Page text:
PLEASE NOTE: I have never suggested, and can’t imagine I ever will suggest, that a KD is “best” or “right” for everyone.  What I describe below may seem extreme, both in the amount of work required and the actual application.  I fully acknowledge that (1) this is a highly analytical approach to eating, and (2) that I’m a “freak” (my wife’s words, not mine). I certainly don’t do this often, unless a lot is on the line (e.g., a big ride), but I like having this technique in my armamentarium.

If you’ve watched my presentation from 2013 at the IHMC, then you’re familiar with RQ.  Through years of metabolic testing I have a pretty good sense of my RQ at any moment in time – when I’m sleeping, when I’m sitting around (most of the time), when I’m riding my bike at 200 watts, when I’m riding my bike at 400 watts, when I’m lifting weights, etc.  This allows me to calculate what proportion of my energy I derive from glycogen and what proportion I derive from fatty acid.  Consider the following example:

If I ride my bike at an average of 185 watts (you’ll need a power meter to infer this) for, say, 2 hours, I know my average RQ is between 0.76 and 0.80.

The approximate formula is %CHO = 3.333*RQ – 2.333, which can easily be derived from the observation that %CHO utilized increases linearly from 0% at RQ 0.7 to 100% at RQ 1.0.

Furthermore, I know my VO2 at 185 watts is 2.9 liters per min, which means (using the Weir formula which I presented previously) my energy requirement was about 14 kcal per minute, or 1,680 kcal over 2 hours.  Hence, of these 1,680 kcal needed to pedal 185 watts for 120 minutes, 336 to 554 kcal came from glycogen.  In other words, I utilized between 84 and 138 gm of glycogen.

(By comparison, several years prior to being in NK, this effort in me would have taken place at a slightly higher VO2 – closer to 3.2 liters per min – and at a much higher RQ – between 0.90 and 0.95 – meaning the exact same work output would have required somewhere between 300 and 400 gm of glycogen!  That’s a real state of metabolic inflexibility.  Basically, I was entirely dependent on carbohydrates for energy.)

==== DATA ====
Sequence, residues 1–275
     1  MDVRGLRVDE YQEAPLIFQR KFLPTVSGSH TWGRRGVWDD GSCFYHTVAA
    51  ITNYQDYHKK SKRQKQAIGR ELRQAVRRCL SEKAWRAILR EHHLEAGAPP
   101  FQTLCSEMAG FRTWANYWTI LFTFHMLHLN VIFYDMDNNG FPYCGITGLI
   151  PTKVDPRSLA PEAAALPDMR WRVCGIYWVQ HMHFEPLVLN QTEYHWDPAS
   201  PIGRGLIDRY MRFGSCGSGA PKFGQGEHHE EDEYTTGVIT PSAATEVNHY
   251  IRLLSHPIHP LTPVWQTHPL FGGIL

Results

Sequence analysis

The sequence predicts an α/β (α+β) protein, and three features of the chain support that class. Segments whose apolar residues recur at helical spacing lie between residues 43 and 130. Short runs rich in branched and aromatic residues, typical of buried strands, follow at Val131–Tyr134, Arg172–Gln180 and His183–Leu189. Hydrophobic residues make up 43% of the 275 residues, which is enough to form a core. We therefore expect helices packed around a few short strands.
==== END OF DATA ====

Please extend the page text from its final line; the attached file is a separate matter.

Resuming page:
Since the first metabolic priority for ingested carbohydrate is glycogen replenishment, I can, in this setting, consume probably somewhere between 60 and 120 gm of carbohydrate following this ride and stay in ketosis.  Why? Because those carbohydrates are prioritized to replenish my glycogen stores AND I am highly insulin sensitive.  Note the *AND* in this last sentence. (The especially astute reader will realize some of this glycogen debt will be replenished by protein and glycerol, the latter of which is liberated by lipolysis – see post on fat flux for a primer).

Clearly I didn’t consume this amount of carbohydrate on my daughter’s birthday, so why was I out of ketosis the next day? Because my glycogen debt was not high.  Of course, I knew this and didn’t really care.  But, if I know my wife wants to go out for sushi one night, and I know she’s going to make me eat a California roll, I can “rig it” such that I show up to dinner with a glycogen debt appropriate enough to enjoy them without significantly interfering with my liver’s BHB production.

Extreme example

At one point, I did two tough bike rides on consecutive days.  Each day we rode 110 miles under challenging conditions.  Over 6,000 feet of climbing each day and very strong winds, which were either headwinds or cross-winds.  On top of this, we rode pretty fast. For the purpose of illustration I recorded everything I did and ate on the second day, which I rode a bit easier than the first day.

The second ride took 6 hours and 5 minutes.  My average normalized power output was 225 watts, and arithmetic average power output was 184 watts.  Based on mechanical work output, this required about 5,000 kcal.  Factoring in the other 18 hours of that day, my total energy expenditure was about 6,800 kcal for the day, obviously not an average day. (A detailed explanation of where the extra 1,800 kcal were expended is beyond what I want to get into now, but it’s basically the energy required to keep me alive – transport ions, contract voluntary and involuntary muscles, etc. — plus move me around, and digest food).